The improvement in the Ohio State men’s basketball program’s Academic Progress Rate in recent years is expected to protect the program from any NCAA penalties regardless of whether LaQuinton Ross and Amedeo Della Valle finish their classes this semester.
Della Valle, who has signed a contract with a professional team in his native Italy, flew home yesterday for what he wrote on his Twitter account would be a “quick trip.” But an Italian media report said Della Valle could be returning home for good by April to join his new team, Reggio Emilia of Serie A, the country’s top professional league.
Della Valle’s contract is guaranteed for just less than $415,000 for five years, according to a report on Reggionline.com.
Meanwhile, no announcement was forthcoming yesterday regarding Ross’ decision whether to forgo his final year of eligibility and make himself available for the NBA draft.
His former coach at Life Center Academy (N.J.), Wilson Arroyo, said on Monday that Ross had made a decision, but Arroyo said yesterday that it won’t be announced until Friday.
Ross, Ohio State’s leading scorer and rebounder this season, has yet to inform coach Thad Matta of his decision, a source close to the program said.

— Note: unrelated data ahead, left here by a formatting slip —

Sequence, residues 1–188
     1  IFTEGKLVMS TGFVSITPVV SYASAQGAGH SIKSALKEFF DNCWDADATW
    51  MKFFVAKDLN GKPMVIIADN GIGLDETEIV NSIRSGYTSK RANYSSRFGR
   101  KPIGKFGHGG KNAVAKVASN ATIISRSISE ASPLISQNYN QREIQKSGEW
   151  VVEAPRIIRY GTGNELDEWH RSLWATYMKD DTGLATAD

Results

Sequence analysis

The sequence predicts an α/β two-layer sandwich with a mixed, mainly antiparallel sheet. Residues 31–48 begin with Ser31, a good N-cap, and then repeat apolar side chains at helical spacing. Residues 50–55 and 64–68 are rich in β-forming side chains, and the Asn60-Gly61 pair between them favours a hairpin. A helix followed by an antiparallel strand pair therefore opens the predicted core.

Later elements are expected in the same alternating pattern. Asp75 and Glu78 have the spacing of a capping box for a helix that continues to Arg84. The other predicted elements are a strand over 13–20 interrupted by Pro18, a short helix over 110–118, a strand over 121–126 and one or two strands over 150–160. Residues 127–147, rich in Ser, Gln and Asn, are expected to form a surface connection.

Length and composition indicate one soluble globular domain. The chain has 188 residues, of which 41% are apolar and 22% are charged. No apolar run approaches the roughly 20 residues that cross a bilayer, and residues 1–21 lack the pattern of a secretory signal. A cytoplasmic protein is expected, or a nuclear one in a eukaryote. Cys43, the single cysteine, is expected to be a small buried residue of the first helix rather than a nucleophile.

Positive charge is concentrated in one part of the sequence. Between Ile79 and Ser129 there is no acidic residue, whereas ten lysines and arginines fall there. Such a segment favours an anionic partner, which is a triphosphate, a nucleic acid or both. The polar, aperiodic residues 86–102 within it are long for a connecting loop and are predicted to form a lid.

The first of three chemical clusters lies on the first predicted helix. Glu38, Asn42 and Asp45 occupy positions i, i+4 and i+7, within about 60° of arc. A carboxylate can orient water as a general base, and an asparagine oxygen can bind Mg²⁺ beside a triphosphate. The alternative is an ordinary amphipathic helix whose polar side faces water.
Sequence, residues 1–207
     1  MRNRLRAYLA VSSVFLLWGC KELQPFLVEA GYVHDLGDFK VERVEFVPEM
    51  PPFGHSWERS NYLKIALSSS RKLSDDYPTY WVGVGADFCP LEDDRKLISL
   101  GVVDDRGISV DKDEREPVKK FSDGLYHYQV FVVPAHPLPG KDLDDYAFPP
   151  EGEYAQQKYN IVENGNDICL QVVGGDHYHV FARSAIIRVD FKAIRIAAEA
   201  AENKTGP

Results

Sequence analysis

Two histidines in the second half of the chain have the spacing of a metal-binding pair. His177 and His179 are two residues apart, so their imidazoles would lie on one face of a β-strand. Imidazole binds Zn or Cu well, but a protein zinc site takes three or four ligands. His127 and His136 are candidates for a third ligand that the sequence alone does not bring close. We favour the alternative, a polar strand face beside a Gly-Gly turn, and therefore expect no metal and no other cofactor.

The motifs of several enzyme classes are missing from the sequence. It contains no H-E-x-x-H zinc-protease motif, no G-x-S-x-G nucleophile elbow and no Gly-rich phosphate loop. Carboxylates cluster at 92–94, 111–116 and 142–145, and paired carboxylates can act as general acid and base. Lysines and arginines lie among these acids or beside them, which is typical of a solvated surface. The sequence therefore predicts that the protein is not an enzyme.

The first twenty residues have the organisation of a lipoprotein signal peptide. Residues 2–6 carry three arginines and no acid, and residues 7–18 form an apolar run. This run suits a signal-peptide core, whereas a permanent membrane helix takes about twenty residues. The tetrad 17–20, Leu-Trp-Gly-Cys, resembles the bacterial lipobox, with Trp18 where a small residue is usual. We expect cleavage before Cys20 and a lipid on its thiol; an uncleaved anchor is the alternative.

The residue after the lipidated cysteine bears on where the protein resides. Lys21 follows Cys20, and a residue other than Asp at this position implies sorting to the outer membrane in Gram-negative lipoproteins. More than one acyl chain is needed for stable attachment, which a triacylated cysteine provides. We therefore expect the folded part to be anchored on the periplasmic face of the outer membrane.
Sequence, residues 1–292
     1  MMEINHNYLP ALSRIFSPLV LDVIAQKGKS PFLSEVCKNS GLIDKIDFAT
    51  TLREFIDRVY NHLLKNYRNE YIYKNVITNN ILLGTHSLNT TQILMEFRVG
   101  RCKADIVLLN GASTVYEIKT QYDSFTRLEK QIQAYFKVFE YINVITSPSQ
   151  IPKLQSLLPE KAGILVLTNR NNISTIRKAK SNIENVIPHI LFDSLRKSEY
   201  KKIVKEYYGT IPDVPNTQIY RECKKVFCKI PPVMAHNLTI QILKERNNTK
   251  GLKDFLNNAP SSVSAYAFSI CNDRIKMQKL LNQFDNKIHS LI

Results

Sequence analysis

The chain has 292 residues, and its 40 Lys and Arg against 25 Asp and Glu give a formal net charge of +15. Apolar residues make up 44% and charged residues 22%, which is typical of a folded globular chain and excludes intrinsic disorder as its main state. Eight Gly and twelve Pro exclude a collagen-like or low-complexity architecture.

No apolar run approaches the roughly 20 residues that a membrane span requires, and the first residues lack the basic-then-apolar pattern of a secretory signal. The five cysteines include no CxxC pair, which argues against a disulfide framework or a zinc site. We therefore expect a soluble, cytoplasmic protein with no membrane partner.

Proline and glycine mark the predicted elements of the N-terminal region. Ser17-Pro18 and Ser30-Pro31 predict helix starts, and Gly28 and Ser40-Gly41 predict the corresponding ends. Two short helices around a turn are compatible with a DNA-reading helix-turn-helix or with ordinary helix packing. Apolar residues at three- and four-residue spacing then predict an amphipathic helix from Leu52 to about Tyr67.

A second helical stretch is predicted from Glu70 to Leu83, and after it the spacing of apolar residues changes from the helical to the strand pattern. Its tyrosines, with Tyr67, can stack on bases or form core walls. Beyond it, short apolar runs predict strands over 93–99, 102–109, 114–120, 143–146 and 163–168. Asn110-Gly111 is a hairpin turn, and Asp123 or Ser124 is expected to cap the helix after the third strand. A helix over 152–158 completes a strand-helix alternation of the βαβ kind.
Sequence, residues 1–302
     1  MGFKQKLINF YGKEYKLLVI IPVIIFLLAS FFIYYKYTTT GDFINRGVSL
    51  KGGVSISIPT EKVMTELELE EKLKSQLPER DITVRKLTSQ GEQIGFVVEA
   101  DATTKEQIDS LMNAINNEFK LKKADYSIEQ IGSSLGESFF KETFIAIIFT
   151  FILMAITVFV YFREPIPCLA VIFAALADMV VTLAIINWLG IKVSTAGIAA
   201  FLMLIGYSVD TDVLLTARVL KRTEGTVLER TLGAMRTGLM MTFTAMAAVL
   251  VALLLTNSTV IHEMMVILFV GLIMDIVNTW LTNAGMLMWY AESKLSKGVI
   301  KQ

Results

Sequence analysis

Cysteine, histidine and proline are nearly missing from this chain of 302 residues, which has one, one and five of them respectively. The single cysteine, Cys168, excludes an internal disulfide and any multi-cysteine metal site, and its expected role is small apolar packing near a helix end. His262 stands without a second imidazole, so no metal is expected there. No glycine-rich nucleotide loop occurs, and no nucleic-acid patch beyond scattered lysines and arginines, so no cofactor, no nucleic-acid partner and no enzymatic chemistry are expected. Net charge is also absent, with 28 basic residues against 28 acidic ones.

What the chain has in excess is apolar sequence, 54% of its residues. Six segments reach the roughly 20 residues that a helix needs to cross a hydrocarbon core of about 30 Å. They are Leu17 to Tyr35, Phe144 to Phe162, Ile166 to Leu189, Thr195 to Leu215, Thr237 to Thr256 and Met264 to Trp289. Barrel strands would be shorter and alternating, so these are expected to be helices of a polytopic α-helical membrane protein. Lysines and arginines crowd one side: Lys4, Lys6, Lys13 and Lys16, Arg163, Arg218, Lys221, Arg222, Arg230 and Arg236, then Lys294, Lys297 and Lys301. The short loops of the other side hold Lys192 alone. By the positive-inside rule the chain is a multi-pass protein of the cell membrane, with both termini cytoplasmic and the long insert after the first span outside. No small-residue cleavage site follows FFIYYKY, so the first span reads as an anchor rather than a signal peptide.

In May 2009, the NCAA docked the program two scholarships for the next season because Greg Oden and Kosta Koufos withdrew from classes after making themselves available for the NBA draft, in April 2007 and ’08, respectively.
Della Valle and Ross remain enrolled, an athletic-department spokesman said, but it is not known whether either plans to withdraw before the end of the semester. Neither has responded to messages seeking comment. The spring semester ends in late April, more than a month earlier than spring quarter did when Oden and Koufos were enrolled.
Even if players would withdraw early now, the program is in a better position to absorb the hits than it was when Oden and Koufos left, said John Bruno, Ohio State’s faculty athletics representative.
When the program was sanctioned five years ago, Bruno said, its four-year APR average was below the 925-point threshold that triggered penalties. The program’s most-recent average, as of May 2013, was 972, well above the current threshold of 930.
“We’d be protected because (the average) is a far cry” from 2009, Bruno said. “They are above 930, so there should not be any issue. We would, however, lose valuable APR points” for this school year.